Speed Bursts

In Pumping Nylon, Scott Tennant outlines speed bursts as a way to increase speed and fluency on both right hand alternation and tremolo.

The idea behind a burst is that anyone can play fast, if only for a short period of time. Playing fast is like putting your technique into overdrive. But it’s also a feeling that has to be captured. Playing quickly feels like one motion, something that Philip Hii calls grouping: making many movements feel like one. Stanley Yates calls it getting the knack for something.

Playing guitar is not meant to be hard and frustrating. It’s meant to feel easy. Playing quickly for a short time is a way to capture that feeling of easiness.

If you’re having trouble with RH alternation speed or a fast scale. Try building it up. Start with just two notes (at concert tempo). Drill those two notes until it feels effortless. Then add one more, work until it feels easy. Then add another, etc. Be sure to relax completely between each burst. Start at the tempo the entire passage is meant to be. Don’t try to work the entire thing up by notching up the metronome. Just play parts of it at tempo from the start.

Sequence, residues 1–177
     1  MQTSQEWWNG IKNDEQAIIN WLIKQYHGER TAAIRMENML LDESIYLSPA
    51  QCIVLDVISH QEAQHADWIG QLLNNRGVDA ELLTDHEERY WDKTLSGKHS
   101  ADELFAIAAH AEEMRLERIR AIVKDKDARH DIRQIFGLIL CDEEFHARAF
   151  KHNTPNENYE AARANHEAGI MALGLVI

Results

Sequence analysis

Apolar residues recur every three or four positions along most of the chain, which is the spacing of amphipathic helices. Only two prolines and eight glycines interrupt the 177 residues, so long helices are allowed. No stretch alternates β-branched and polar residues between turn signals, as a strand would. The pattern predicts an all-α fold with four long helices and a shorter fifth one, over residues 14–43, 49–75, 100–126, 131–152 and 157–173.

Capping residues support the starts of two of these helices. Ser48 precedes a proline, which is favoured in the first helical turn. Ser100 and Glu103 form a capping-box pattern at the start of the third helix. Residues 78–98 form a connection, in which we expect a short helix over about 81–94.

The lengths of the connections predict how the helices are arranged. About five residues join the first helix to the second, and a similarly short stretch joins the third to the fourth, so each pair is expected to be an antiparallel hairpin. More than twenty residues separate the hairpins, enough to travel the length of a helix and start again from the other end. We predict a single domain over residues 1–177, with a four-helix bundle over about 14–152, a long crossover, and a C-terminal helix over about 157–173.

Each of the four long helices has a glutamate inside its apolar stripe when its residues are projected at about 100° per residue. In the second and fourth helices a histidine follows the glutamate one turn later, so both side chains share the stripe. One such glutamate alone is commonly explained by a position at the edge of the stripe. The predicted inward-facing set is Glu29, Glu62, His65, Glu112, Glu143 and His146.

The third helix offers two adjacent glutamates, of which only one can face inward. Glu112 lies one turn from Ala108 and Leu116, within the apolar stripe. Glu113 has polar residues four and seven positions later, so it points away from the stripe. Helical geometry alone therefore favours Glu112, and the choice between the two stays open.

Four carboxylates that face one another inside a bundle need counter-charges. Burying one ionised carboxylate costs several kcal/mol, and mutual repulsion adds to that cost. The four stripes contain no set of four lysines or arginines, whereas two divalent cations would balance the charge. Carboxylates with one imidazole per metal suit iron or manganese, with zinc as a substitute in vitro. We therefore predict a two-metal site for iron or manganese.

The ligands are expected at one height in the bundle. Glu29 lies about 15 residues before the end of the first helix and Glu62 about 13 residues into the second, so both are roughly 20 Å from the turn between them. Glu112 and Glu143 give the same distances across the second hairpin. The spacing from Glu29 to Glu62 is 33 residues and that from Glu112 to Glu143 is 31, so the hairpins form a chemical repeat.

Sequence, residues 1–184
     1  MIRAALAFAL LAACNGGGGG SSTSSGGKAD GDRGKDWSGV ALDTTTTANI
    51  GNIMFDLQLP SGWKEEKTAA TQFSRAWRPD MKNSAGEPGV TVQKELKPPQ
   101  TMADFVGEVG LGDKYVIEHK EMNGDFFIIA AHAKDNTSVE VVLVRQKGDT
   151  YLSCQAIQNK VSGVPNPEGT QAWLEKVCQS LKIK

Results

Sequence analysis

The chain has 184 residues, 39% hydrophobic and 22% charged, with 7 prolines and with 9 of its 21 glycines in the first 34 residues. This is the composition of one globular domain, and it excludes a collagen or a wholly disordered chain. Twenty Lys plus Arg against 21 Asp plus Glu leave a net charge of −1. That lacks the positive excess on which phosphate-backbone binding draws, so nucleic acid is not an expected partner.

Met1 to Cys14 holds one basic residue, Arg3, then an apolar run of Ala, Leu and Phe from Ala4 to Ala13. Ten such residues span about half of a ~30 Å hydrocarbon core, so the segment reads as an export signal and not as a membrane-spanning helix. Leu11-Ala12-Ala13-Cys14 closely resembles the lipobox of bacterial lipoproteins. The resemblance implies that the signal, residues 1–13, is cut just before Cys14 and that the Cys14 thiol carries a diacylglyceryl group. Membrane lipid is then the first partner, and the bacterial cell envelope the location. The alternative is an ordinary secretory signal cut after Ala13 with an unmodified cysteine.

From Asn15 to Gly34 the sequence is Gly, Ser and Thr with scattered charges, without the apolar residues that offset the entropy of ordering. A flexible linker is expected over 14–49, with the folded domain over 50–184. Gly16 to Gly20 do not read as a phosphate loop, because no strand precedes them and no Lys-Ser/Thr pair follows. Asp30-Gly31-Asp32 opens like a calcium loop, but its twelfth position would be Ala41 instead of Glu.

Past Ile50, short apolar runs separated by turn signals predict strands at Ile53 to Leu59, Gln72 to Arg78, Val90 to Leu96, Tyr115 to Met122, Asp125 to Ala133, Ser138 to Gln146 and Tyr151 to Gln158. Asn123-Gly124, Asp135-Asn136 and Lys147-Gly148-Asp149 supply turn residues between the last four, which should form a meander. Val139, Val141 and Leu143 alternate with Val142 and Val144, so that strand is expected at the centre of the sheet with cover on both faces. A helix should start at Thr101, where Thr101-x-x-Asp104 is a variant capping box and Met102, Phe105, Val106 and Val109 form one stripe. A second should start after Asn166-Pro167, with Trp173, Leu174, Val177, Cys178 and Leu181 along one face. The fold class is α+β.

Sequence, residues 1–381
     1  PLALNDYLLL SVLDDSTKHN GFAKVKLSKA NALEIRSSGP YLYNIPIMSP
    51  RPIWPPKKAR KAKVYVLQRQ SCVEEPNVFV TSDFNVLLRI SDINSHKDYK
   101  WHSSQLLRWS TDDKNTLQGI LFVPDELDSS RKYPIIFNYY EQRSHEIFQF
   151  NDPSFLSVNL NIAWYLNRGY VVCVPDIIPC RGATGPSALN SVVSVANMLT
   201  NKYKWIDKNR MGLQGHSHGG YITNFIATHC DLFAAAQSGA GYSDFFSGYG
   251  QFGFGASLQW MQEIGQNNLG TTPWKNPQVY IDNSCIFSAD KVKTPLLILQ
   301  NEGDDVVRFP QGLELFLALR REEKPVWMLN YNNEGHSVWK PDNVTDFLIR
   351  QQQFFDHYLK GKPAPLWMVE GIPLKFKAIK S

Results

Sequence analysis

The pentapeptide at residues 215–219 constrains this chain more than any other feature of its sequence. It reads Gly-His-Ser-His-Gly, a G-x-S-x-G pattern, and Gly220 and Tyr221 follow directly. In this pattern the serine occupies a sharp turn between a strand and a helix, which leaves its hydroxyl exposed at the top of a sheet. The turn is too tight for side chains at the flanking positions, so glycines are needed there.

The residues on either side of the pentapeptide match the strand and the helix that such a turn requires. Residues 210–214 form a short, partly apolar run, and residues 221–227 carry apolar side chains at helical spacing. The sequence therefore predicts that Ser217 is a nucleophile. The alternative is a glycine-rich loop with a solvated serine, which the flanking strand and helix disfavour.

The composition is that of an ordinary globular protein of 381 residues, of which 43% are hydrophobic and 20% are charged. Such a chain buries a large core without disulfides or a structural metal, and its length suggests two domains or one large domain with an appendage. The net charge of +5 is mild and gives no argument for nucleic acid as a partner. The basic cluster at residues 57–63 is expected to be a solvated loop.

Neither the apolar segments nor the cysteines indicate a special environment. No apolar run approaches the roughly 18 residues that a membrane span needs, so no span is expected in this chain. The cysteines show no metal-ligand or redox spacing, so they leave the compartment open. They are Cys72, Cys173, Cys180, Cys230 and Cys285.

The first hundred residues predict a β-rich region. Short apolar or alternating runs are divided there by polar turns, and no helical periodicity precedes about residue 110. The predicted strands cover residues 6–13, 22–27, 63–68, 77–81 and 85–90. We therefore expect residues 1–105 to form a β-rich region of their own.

Posted on in Classical Guitar Technique


  • bobber

    This idea seems to be quite profound when it comes to cultivating velocity. Check out Grisha’s take on it. He talks about thinking of a scale as one thing, like an arpeggio. That makes sense to me (http://www.youtube.com/watch?v=4Vcf9K5BTNk). Hey, he might be a good interview too. Might be insightful to find out how he cultivated his velocity and how long it took him to get that fast.

    Doug Niedt also talks about bursts in part 2 of ami scales this month.

    • Christopher Davis

      That’s one of the things I’m starting to get, actually: thinking of something as a unit is very powerful. Philip Hii talks about that in his Ebook.